Sunday, December 23, 2007

What's for dinner?

When I was growing up my mother never had any idea of what to cook for dinner. She had a small repertoire of evening meals—fried steak, fried potatoes, and salad; roast and potatoes and carrots; fried chicken, mashed potatoes, & cream gravy. Vegetables were green beans, peas, corn, or asparagus all strictly from a can; where else would a vegetable come from?? But every day there was the question of what to cook for dinner. So when I married 40 years ago we were starting cooking from ground zero. Fortunately I was given two cookbooks—McCall’s and Better Homes & Gardens—and could follow directions. With a few notable disasters, JMM thought I was a really good cook and I never chose to enlighten him. I found it efficient & economical to plan meals a week at the time and then shop once a week. This has been my “system” for many years.
So what’s to ruminate about? Enter the food patrol. First it was vegetarianism which theoretically has a lot going for it; however, when reality rears its ugly head, the fact is that I could never find enough vegetarian meals that JMM, TSM, & I would actually eat. Next on the scene were the whole grain purists who grind their own grain.; not being that pure, I thought buying a bag of Gold Medal Whole Wheat flour would be satisfactory. I was wrong, enter the organic-or-die crew. OK, Whole Foods has organic whole grains and my soul was redeemed…temporarily. The latest tormentors are the Buy Local or Grow It Yourself and Save the Planet crusaders. Frankly, all the farmers I know grow either rice or cotton and none of them sell their rice or cotton at the local Farmers Market. (Actually, there isn’t a local Farmer’s Market; there are 2 approximately 35 miles from me but what would the purists say about my CO2 emissions by driving 70 miles to buy pure and even then it might not really be organic?) Maybe my mother had the right idea—just buy it and fry it.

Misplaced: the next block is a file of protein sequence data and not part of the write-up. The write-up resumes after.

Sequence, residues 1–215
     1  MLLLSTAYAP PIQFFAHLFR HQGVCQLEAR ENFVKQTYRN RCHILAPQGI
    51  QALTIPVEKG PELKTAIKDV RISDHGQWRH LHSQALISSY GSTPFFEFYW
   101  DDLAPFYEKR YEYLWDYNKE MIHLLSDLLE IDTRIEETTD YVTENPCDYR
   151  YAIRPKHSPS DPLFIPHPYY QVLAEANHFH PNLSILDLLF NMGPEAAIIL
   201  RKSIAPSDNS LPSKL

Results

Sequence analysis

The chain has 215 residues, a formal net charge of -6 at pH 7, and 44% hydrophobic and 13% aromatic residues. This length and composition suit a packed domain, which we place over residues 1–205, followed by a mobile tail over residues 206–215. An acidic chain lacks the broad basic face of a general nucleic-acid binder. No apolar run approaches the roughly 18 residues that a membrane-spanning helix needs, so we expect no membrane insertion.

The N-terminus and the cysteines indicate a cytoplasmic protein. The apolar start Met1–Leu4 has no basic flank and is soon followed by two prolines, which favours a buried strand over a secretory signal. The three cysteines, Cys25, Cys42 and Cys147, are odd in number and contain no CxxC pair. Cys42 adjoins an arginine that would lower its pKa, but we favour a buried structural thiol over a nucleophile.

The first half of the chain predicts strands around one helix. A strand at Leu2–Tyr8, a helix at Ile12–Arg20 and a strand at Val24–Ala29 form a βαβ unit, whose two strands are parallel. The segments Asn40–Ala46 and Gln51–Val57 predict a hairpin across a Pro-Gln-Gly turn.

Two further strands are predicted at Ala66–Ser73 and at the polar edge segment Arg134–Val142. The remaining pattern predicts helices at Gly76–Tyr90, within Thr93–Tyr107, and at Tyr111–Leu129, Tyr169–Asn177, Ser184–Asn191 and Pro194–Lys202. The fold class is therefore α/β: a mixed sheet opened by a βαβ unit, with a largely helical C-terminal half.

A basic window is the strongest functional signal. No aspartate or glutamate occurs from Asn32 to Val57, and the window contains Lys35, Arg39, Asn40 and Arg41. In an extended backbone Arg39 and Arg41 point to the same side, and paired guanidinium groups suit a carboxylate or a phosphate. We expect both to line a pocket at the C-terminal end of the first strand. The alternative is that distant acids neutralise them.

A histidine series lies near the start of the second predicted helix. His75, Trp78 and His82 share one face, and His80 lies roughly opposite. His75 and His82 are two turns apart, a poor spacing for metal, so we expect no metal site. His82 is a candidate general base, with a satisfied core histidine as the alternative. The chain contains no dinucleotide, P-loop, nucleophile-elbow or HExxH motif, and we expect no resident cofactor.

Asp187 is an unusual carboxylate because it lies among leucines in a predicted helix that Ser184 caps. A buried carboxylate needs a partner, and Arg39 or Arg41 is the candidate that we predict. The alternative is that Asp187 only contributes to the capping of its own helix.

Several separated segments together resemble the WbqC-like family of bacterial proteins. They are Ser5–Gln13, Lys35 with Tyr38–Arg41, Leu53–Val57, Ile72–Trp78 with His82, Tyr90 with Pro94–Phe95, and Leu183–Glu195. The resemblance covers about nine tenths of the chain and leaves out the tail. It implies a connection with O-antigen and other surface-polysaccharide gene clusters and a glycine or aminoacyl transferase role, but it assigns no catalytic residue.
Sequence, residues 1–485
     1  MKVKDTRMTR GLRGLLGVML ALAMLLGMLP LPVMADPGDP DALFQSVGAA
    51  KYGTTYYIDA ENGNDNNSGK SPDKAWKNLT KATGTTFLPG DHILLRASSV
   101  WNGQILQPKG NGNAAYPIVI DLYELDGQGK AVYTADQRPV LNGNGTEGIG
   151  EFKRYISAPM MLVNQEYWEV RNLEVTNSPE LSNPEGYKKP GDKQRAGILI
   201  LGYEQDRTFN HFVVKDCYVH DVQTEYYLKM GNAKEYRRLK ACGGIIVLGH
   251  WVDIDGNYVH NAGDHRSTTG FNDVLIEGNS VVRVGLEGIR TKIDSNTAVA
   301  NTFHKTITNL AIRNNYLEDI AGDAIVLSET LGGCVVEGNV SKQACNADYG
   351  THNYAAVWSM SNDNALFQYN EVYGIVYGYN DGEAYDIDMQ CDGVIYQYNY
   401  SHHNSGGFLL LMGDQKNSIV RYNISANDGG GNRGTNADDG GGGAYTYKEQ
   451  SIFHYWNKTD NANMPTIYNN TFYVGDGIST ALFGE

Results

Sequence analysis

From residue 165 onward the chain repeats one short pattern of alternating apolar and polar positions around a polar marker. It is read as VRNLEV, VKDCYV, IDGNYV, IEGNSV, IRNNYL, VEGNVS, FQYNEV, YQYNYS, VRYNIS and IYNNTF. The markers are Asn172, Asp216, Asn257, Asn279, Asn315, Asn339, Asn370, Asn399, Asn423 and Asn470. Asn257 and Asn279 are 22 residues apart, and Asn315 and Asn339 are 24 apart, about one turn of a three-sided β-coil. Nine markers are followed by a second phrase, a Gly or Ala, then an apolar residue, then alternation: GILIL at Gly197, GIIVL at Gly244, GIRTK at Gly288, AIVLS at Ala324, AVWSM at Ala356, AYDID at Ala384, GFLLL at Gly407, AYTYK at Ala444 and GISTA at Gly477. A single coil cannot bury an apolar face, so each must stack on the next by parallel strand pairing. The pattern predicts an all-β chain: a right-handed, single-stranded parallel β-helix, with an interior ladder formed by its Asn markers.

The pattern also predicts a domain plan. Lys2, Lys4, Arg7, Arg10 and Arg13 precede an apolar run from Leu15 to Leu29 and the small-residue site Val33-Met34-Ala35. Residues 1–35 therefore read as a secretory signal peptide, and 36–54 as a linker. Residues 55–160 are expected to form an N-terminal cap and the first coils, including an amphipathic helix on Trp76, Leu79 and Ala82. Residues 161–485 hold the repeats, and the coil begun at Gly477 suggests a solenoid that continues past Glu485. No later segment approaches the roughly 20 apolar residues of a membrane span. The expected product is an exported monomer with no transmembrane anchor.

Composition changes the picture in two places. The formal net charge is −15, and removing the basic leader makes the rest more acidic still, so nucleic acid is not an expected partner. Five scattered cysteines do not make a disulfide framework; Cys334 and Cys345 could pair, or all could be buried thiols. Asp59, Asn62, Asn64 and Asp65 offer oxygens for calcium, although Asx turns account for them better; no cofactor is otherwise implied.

Quote for today:

Character may be manifested in the great moments, but it is made in the small ones. Phillips Brooks

Saturday, December 22, 2007

You'd think by now I'd have things figured out

By age 60, you'd think I'd have things figured out by now with clearly defined parameters but alas, I still seem to be muddling about with more ambiguousness than ever. There are people who know that they know, and those who think they know, and those who are quite aware that they really don't know. I am pretty much in the last category. There are blogs by people who know answers to any question you might ask: religions of all persuasions; politics with the really true, very right answers; God or no god, no problem; homeschooling; vegetarian or not; and so on. These people are sure, they have answers, they KNOW things. I've become rather comfortable with not having answers to big questions; the little questions seem rather more important in the end anyway. This blog will contain my ruminations on some of the big questions but mostly the little questions.

Quote for today:It is good to have an end to journey toward; but it is the journey that matters in the end. - Ursula K. LeGuin